Plot: A serial killer is on the hunt, racking up kills and with no real leads, Agent Merriwether (Jeffrey Dean Morgan) feels like he needs to bring in fresh eyes to help break the case. His partner Katherine (Abbie Cornish) questions his choice in backup however, as he seeks out once famous psychic John Clany (Anthony Hopkins). She doesn’t put much stock into psychics and instead, leans on human behavior and psychology, but she goes along with the plan. Clancy retired after the death of his daughter and remains haunted by the loss, but Merriwether hopes he will listen and advise, given the potential for more bodies. At first, Clancy refuses to assist, but when he gets a vision about the agents, he soon arrives to lend a hand. He quickly pieces together new insights and is able to come up with viable leads out of thin air, thanks to his psychic visions and soon a pattern begins to emerge. But when it looks as if the killer might be an even more powerful psychic, can Clancy and the agents find a way to stop the killer and avoid the fate from Clancy’s visions?
Entertainment Value: Solace has an interesting premise, as a skilled psychic assists in a serial killer case, only to discover the killer also has psychic gifts. In the end however, the movie winds up as a run of the mill, middle of the road thriller, which is a shame, as there’s so much potential here. The narrative is capable, but never seems to ratchet up the tension enough and when the tension is present, it is often deflated or lessened by the awareness that some scenes are simply visions, which gives the filmmakers a cheap way to fake out the audience. This happens often, though not to an abusive level, but it still hinders the experience. Anthony Hopkins has the lead and brings a cold, barely conscious performance that is either just insanely restrained or wholly uninterested, either way not a great effort. Jeffrey Dean Morgan is clumsy and adds little, while Abbie Cornish is solid, but isn’t given much to do. Then Colin Farrell arrives and turns in an awful, ham handed performance toward the finale. Farrell’s presence drains what little tension the movie has built up, as he seems content to go over the top to the point it seems like an SNL skit. Solace still has some effective moments, but not enough and I’d say only diehard thriller fans will find much to like here.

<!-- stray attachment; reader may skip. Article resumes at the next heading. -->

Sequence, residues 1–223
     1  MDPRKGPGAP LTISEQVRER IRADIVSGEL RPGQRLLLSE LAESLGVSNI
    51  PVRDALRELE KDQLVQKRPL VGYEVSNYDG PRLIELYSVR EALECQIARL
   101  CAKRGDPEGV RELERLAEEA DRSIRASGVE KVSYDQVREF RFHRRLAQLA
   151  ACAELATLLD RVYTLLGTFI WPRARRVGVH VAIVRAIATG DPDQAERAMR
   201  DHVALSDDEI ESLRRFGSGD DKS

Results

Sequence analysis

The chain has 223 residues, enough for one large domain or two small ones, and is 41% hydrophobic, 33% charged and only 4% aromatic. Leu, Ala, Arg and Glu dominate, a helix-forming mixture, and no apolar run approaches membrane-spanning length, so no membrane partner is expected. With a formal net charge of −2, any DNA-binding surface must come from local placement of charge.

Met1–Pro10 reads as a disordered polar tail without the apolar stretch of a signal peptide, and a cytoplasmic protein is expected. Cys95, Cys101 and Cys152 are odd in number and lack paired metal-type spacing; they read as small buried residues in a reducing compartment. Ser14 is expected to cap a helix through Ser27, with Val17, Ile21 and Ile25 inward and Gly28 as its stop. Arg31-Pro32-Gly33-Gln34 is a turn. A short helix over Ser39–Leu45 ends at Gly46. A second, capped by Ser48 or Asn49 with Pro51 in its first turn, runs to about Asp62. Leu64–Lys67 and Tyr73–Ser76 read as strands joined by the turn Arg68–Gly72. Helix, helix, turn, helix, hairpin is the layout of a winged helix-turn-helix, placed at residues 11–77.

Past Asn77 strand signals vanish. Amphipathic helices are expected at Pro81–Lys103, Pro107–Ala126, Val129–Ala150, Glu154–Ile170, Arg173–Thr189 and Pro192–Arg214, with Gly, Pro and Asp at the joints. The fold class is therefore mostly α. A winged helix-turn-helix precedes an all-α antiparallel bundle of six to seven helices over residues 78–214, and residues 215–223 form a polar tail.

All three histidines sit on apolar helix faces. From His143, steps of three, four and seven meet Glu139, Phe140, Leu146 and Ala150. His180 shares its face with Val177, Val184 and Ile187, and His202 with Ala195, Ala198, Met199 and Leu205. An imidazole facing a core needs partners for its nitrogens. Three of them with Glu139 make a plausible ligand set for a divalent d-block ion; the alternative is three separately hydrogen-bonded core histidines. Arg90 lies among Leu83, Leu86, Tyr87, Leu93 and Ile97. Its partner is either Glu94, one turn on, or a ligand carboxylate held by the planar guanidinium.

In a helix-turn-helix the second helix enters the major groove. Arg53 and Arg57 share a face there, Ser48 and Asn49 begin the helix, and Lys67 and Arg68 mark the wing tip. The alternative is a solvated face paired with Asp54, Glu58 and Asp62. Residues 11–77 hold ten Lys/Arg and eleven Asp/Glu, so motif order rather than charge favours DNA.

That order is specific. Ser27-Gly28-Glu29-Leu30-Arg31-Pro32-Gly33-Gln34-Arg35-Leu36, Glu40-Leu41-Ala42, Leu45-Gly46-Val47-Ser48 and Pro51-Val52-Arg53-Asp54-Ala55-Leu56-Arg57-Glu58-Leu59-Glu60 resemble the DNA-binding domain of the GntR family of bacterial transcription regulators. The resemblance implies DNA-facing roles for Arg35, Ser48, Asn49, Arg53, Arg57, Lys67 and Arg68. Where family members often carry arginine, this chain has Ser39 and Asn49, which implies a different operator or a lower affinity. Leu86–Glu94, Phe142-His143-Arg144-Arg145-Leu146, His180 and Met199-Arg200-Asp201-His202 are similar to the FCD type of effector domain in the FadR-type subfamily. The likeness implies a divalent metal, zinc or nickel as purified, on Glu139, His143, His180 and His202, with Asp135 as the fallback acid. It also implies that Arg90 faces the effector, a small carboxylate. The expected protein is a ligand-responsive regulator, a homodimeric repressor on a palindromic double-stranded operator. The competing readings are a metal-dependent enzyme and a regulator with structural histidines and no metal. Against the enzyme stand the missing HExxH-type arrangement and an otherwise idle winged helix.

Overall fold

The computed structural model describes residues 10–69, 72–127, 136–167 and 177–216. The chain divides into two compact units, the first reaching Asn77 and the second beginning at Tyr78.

A bath scene reveals some bare breasts and ass, not a quick scene either, so a solid piece of nakedness. A good amount of aftermath blood, but not much in terms of active, on screen violence. Some gun shots late in the movie rely on splashy, low end CGI, but we do get one nice shot of a neck puncture and a cool brain dissection scenes. Not as much blood as you might expect from a movie about a vicious serial killer, mostly just the red stuff with no visible cause. I found the dialogue to be pretty standard stuff, not bad, but not interesting or memorable. Farrell’s hapless performance shoehorns in some miserable bad guy banter, but neither the writing nor his effort manage to make it effective or at least humorous. Hopkins is kind of funny, as he has no reaction to anything and seems to be dead in many scenes, so I guess if you like minimalist acting, his work here is of note. No real craziness, which is a shame given the potential for psychic madness or at least some wild interactions between the mental athletes. No such luck, however.
Overall Insanity: 0/10